The Lovely Bones: It sounds like the big objection to Peter Jackson, as registered by crank internet commenters who granted shouldn't be listened to much at all, is his 2005 remake of King Kong. This is completely misguided. Jackson's gargantuan remake/tribute to/insane amping up of a classic monster movie is totally awesome, right the hell in his wheelhouse, and I'd watch it over a Lord of the Rings movie any day of the week. Jackson is great at assembling these big, massive, visually striking productions, but you're going to be wowed more by the size and the spectacle than by the actual filmmaking technique, which tends to be more of the supersized-B-movie style. Basically, he's George Lucas, not Steven Spielberg. No one wants to hear this because supposedly the Lord of the Rings movies are so much more sophisticated than the Star Wars prequels, but the thing is, they're pretty much not, they're just longer and less entertaining. But let's not dwell on my surprising indifference to the Lord of the Rings movies. Let's dwell on how Jackson's more-is-more, genre-friendly style might not be a great fit for The Lovely Bones.
When I see the fantasy/purgatory/heaven world in The Lovely Bones, where a young girl turns up to watch over her family after her murder, it looks a little too extravagantly imagined, which is rarely the type of criticism I make of King Kong remakes, but of intimate, disturbing family dramas, I'm not so sure, it could be a problem. Jackson's Heavenly Creatures, on the other hand, had a handle on balancing darkness with visual invention, so there's hope for this yet. But I at least wish someone else chose the music because I'm primed for some sub-Enya crap in that department.
Invictus: I know this looks like a Best Picture winner—Clint Eastwood directs the true story of Nelson Mandela (played by Morgan Freeman) bringing his country together via rugby (played by Matt Damon), come on. But a word to the wise: when Eastwood's movies sound like clear Best Picture fodder months ahead of time, they usually do not win. Often they are not even nominated. His winners have been the smaller, darker character studies like Unforgiven and Million Dollar Baby that might seem like obvious candidates in retrospect after everyone took a gander at their old-fashioned craftsmanship, but were kind of surprising at the time. He hasn't as much luck with bigger-canvas works like Flags of Our Fathers (overshadowed by the smaller, darker Letters from Iwo Jima) or Midnight in the Garden of Good and Evil (overshadowed by apparently not being very good). Even the smaller-scale Gran Torino wound up empty-handed following the more obvious Changeling, possibly because awards buzz started too soon, sight unseen, in the wake of the Million Dollar Baby surprise. That said, there are ten nominees this year, and Invictus does have Morgan Freeman playing Nelson Freaking Mandela. Oh, also, it might be good, or it might be sort of clunky—that, too, is an Eastwoodian crapshoot.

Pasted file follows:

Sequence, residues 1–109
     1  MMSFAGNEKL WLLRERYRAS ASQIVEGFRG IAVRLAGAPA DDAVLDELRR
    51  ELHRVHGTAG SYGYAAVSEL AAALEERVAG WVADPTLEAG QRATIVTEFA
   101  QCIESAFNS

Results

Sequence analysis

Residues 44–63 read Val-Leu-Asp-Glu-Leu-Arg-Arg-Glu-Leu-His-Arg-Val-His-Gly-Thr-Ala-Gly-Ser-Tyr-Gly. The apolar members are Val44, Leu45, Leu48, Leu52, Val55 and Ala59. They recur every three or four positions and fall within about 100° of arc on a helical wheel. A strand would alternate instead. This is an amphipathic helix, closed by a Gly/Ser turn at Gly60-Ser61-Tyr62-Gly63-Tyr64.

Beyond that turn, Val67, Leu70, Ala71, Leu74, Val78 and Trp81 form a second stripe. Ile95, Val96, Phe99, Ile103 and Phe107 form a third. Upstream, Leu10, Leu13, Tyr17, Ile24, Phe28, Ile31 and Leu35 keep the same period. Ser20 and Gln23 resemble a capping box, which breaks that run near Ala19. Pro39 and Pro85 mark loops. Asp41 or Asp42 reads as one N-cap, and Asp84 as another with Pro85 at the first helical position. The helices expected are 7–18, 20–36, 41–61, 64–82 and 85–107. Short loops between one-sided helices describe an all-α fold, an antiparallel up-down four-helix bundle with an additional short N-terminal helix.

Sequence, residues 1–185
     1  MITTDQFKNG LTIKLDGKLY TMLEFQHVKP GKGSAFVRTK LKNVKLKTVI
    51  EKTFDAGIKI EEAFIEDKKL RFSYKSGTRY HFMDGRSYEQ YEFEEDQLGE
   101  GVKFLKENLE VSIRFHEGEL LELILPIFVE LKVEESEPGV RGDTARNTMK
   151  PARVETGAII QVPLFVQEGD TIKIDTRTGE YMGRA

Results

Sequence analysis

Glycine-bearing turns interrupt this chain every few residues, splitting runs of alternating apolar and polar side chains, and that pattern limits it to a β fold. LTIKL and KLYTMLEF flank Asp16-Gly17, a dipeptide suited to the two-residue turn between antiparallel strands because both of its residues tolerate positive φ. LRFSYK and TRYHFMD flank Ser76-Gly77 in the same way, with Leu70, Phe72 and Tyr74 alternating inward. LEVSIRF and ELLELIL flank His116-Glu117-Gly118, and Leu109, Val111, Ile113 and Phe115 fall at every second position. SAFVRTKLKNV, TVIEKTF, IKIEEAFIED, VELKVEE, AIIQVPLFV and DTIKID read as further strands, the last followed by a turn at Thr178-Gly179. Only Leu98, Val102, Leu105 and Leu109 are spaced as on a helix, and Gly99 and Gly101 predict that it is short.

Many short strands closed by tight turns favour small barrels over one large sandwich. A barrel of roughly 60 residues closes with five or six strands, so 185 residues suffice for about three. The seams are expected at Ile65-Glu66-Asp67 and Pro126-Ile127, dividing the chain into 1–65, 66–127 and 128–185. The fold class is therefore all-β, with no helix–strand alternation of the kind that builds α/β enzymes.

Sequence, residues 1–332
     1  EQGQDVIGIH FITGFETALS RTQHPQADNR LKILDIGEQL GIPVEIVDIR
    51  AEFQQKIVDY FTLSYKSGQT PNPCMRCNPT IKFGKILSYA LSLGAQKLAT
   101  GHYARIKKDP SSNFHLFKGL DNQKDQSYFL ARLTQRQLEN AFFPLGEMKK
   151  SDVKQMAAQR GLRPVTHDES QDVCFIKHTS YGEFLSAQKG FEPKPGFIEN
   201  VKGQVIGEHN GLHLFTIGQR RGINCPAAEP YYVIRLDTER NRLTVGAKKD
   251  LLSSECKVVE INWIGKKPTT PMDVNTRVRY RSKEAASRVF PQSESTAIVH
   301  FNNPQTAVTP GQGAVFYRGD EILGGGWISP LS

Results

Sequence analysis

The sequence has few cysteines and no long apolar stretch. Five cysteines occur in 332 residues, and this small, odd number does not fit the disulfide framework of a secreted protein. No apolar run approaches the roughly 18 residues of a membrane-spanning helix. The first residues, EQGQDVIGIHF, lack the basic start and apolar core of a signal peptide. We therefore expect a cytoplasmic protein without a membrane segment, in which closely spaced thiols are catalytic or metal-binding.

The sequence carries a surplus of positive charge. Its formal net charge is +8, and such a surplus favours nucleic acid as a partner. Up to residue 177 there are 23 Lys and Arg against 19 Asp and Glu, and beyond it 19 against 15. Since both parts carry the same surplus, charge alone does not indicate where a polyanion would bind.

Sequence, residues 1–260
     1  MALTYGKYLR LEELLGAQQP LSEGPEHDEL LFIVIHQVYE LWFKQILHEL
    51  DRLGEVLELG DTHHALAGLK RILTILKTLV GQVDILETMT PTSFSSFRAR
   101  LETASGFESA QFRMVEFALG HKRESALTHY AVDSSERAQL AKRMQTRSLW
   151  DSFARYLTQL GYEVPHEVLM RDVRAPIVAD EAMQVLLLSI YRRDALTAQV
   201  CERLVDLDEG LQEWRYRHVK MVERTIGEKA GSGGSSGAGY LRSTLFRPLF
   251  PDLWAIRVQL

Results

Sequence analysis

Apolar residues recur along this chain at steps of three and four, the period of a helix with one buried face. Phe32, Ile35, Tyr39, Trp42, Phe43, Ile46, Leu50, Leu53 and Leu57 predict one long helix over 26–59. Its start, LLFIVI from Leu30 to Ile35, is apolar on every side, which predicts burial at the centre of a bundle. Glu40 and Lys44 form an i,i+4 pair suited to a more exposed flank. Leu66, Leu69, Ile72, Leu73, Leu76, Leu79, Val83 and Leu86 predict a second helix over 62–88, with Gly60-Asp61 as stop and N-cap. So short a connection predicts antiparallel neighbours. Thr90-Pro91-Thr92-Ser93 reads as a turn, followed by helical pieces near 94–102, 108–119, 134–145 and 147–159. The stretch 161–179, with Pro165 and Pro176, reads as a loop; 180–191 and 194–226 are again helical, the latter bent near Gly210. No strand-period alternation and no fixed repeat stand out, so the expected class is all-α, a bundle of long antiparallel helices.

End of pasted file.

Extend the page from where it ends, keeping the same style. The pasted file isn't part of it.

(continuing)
A Single Man: Not to be confused with A Serious Man; this one is directed by Fashionable Male Tom Ford, who has rarely been mistaken for Joel and/or Ethan Coen. Colin Firth might get an Oscar nomination for playing a repressed gay dude mourning the death of his lover. Julianne Moore is in there, too; I feel like Julianne Moore is always playing ladies married to or in love with repressed gay dudes. This will probably be one of those movies that's mainly worthwhile for an intensely focused and quiet lead performance, which is totally cool as long as the movie itself isn't overpraised, and I'm not getting that vibe about this one.